Dr. Michael Ramek: Research.

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Main research activity is the structure determination of biologically important compounds via quantum chemical ab initio methods.

(structure of aminopentanoic acid -> Guided tour of H-bond results) For several years the focus had been on intramolecular hydrogen bonds in amino- and hydroxy compounds (FWF-projects P6856 (1988-1990), P8053 (1990-1991), and P9095 (1992-1994)); the results of these studies have found application, e.g., in the field of shape-similarity analysis in cooperation with Prof. Paul G. Mezey (University of Saskatchewan, Saskatoon, Canada). In the recent years the main targets are derivatives of indole-3-acetic acid and model peptides (see below).

(embedding chain su(6) ... so(3), link to ASCII-art version) For a number of years the symmetrization of wavefunctions and quantum states has been investigated in a series of publications, most of them in cooperation with Prof. Bruno Gruber(Southern Illinois University, Carbondale, IL (USA)).

(structure of indole acetic acid -> Guided tour of auxin results) Indole-3-acetic acid and its derivatives are growth hormones in plants (auxins), which govern many biological processes such as cell divisions and enlargement, developmental differentiation, and the syntheses of specific proteins. In a series of papers, co-authored by Dr. Sanja Tomić (Institut Ruđer Bošković, Zagreb, Croatia), it could be shown that the potential energy surfaces of these compounds are very sensitive to substitution at a specific position of the indole nucleus (position 4), whereas substitution by ethyl or chlorine at the other positions of the phenyl ring has no influence on the potential energy surfaces. Although the form of the potential energy surface cannot be directly correlated with biological activity, because other factors (lipophilicity or correlation with other compounds like cytokinines) are also of importance, these studies give important clues to the forces that determine auxin activity.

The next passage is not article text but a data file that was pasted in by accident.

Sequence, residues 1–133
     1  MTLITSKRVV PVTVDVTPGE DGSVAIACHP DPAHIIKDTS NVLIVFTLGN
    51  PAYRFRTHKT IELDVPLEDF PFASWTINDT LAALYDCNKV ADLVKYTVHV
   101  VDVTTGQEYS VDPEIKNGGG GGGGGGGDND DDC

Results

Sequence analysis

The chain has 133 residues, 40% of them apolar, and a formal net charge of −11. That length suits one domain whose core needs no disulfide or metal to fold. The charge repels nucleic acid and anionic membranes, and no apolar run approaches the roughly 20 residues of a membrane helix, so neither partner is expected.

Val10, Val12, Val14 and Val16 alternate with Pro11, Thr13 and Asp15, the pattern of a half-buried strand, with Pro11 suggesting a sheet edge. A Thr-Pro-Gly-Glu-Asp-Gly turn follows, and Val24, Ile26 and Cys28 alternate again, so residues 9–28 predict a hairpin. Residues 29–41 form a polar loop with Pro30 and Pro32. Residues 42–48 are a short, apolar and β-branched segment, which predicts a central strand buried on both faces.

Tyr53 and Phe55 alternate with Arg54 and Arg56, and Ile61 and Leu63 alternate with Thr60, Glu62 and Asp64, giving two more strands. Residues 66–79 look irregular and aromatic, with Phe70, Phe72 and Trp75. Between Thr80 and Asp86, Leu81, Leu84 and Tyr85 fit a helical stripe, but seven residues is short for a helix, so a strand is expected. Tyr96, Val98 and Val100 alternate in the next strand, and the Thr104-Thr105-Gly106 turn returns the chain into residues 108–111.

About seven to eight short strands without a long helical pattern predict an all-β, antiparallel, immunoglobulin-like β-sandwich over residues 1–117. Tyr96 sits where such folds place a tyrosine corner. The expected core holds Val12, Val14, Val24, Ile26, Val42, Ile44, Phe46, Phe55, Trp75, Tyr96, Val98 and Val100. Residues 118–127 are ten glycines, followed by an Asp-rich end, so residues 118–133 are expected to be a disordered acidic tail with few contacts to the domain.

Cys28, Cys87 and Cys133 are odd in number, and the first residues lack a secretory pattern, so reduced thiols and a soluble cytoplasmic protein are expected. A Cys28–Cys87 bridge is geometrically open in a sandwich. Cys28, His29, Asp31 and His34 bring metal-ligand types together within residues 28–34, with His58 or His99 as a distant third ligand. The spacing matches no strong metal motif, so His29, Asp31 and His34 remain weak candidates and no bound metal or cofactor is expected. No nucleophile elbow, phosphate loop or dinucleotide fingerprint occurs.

(structure of HCO-L-Ala-L-Ala-NH2 -> more pictures and links) Peptides are mostly modeled by attaching a formyl or acetyl group to the N-terminus of a short peptide chain and by converting the C-terminus to an amide group at the same time. The peptide chain may as small as a single residue X, in which case the model compound HCO-X-NH2 or CH3CO-X-NH2 contains two peptide bonds and thus is called a model dipeptide. Model dipeptides can be used to study interactions of one amino acid residue with its next nearest neighbour (1-3-interactions) like γ-turns; analogously, model tripeptides of the type HCO-X-Y-NH2 can be used to model 1-4-interactions like β-turns. Model dipeptides have been often used as structure paradigms for larger peptides, in some cases with remarkable success. Using the example of HCO-L-Ala-L-Ala-NH2, it could be shown in collaboration with Prof. Lothar Schäfer and Ching-Hsing Yu (University of Arkansas, Fayetteville, AR, USA) that this dipeptide approximation, however, is a dangerous approach and considerably longer model peptides will be necessary to predict overall protein structures properly.

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